Prognostic factors

Several variables were selected and analyzed based on the expert physicians' opinions and literature review. The variables included age at diagnosis, body mass index (BMI), education level, marital status, family history of cancer (any type of cancer in first- or second-degree relatives), menopausal status, pathology type, tumor size, histologic grade, stage at diagnosis (Breast Cancer Adjusted AJCC Cancer Staging Manual 6th Edition), lymph node status, ER, PR, HER2, type of surgery, hormone therapy, radiotherapy, adjuvant chemotherapy, recurrence status (local and/or contralateral recurrence), and distant metastasis status.

Since Ki-67 had not been reported in many immunohistochemical reports, we categorized breast cancer into four molecular subtypes based on HR and HER2 status, including HR-positive/Her2-positive; HR-positive/Her2-negative; HR-negative/Her2-positive, and HR-negative/Her2-negative (triple-negative). The molecular subtypes were defined by immunohistochemical staining against HR (ER and/or PR) and HER2 markers. ER and/or PR positive tumor cells ≥ 1% was defined as positive, HER2 0/1 was defined as negative, HER2 3+ defined as positive, and HER2 2+ was determined either negative or positive by fluorescence in situ hybridization (FISH).

This study contains two kinds of outcomes: survival time and cure status. For the survival time, disease-free survival (DFS) defined months from the diagnosis date to the recurrence, metastasis, death, or last follow-up; while overall survival (OS) considered as the time from diagnosis to death from any cause or last follow-up. The second outcome is cure status of patients. This is a latent variable that is specified by the model. Intuitively, the cure fraction can be estimated by Kaplan–Meier curve. We first determined the cure time of the patients using this curve. The patients who survived longer than this time were identified as cured or long-term survivors and the others are uncured or short-term survivors.

Statistical analysis

The variables were described using frequency, mean and standard deviation. The proportion of clinicopathologic and therapeutic regimens was compared among different molecular subtypes using the chi-square test. Then survival plot was fitted by the Kaplan–Meier curve and the time of cure and cure fraction were determined. Kaplan–Meier DFS curve for stage I-III patients was prepared according to tumor subtype and compared with log-rank tests. Finally, univariate and multivariate mixture cure model performed to investigate the impact of various factors on DFS.

Mixture cure model is an extension of cox proportional hazards model that suppose the population is a mixture of two groups: the cured or long-term survivor patients and uncured or short-term survivors. Logistic regression modeled cure fraction and its related factors, and the chance of cure was indicated by the odds ratio (OR). In the survival part, factors associated with the survival time were investigated by cox model, and the risk of experiencing the outcomes was denoted by hazard ratio (HR). The Kaplan–Meier curve determined the cure fraction and adequacy of the cure model. If the tail of the curve does not reach zero and has a long and stable plateau with heavy censoring, it will be evidence for the existence of cured patients and the adequacy of the follow-up period. All calculations were performed using SAS version 9.4 and R version 4.1.1 software at a significance level of 0.05.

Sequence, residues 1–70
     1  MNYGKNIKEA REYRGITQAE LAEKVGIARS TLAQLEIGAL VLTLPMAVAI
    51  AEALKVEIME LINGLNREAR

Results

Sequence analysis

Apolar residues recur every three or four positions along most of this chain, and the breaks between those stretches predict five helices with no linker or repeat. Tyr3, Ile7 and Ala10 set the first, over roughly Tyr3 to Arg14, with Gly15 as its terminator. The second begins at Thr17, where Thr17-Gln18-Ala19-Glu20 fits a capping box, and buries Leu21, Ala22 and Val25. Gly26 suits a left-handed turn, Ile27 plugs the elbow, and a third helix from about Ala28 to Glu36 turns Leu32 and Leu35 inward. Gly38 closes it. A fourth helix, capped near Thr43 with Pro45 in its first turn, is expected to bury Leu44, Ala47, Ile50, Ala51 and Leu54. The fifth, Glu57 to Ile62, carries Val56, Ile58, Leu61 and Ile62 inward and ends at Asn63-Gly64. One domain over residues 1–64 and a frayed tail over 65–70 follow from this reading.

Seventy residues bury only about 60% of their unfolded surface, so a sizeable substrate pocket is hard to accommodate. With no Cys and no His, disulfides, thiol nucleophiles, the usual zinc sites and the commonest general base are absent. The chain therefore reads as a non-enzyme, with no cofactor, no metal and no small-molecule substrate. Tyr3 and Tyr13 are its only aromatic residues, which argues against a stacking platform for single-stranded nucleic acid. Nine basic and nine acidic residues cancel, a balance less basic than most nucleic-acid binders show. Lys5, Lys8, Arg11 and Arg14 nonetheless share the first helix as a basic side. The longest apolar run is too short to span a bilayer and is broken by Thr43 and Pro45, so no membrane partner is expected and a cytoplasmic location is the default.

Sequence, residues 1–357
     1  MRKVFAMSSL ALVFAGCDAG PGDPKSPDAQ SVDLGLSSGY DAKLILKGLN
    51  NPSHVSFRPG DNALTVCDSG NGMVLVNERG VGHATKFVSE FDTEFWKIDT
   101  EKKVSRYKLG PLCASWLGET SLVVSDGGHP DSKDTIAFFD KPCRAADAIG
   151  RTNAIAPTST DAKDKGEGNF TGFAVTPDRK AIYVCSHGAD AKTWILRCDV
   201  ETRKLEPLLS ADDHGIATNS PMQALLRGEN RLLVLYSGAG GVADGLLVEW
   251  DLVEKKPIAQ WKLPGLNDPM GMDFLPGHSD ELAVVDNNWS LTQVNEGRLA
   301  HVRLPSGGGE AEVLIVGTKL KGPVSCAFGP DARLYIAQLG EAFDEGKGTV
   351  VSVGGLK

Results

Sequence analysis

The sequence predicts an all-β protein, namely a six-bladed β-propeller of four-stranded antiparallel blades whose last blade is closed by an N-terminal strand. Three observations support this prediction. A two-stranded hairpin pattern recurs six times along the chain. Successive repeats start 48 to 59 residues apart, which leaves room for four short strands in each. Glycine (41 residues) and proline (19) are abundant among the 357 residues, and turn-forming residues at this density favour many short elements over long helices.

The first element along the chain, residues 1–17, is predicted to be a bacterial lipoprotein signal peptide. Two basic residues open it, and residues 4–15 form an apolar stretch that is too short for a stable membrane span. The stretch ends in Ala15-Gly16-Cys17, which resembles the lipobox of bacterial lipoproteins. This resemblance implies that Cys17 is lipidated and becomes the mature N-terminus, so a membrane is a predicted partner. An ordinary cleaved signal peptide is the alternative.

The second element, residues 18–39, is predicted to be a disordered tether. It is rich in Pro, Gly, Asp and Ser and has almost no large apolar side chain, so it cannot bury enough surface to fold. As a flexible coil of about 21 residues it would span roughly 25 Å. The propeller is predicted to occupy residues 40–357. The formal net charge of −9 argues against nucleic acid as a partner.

Results

Baseline characteristics

A total of 1287 women with non-metastatic breast cancer aged 21 to 87 years have entered the study, of whom 200 patients (15.5%) died, and 1087 cases (84.5%) were censored. The mean age of patients was 47.00 ± 10.72 years, 62% of patients were < 50 and 25.9% were < 40 years old. The characteristics of patients and differences in clinicopathologic and treatment features grouped by various molecular subtypes have been summarized in Table 1. In 64% of cases, the lymph nodes showed a positive result and in 68%, patients were diagnosed in early-stages (stages I and II). Patients with available chemotherapy information included 842 patients received adjuvant chemotherapy, 259 patients received Neoadjuvant chemotherapy, 99 patients received both, and 8 patients received no chemotherapy. So, we divided patients into those received and those not received adjuvant chemotherapy. All of the patients underwent surgery, and most patients received adjuvant chemotherapy (73%), radiotherapy (90%), and hormone therapy (80%). Proportions of patients by tumor subtype were 20%, 52%, 12% and 16% for HR+/Her2+, HR+/Her2−, HR−/Her2+ and HR−/Her2− respectively.

Table 1 Demographic, clinicopathologic and treatment features of breast cancer patients by molecular subtypes

As demonstrated in Table 1, clinicopathologic and treatment patterns differed by molecular subtypes. Patients with HR−/HER2+ status tended to have larger tumor size (P = 0.001), higher histologic grade (P < 0.001), higher stage (P = 0.038) and positive lymph node (P < 0.001). In contrast, smaller tumor size (P = 0.001), lower stage (P = 0.038) and lower grade (P < 0.001), were more common in HR+/HER2− patients. The lowest positive lymph nodes rate (about 50%) was also observed in triple-negative breast cancer (TNBC) patients (P < 0.001).

Almost half of women were treated by BCS; however, in HR−/HER2+ patients, MRM was the more prevalent procedure (P = 0.001). Hormone therapy differed significantly between subtypes. Virtually all HR-positive patients received hormone therapy compared with less than 40% of HR-negative patients. In addition, nearly all of the patients received radiotherapy and adjuvant chemotherapy, although in HER2− patients, adjuvant chemotherapy was more common (P = 0.022).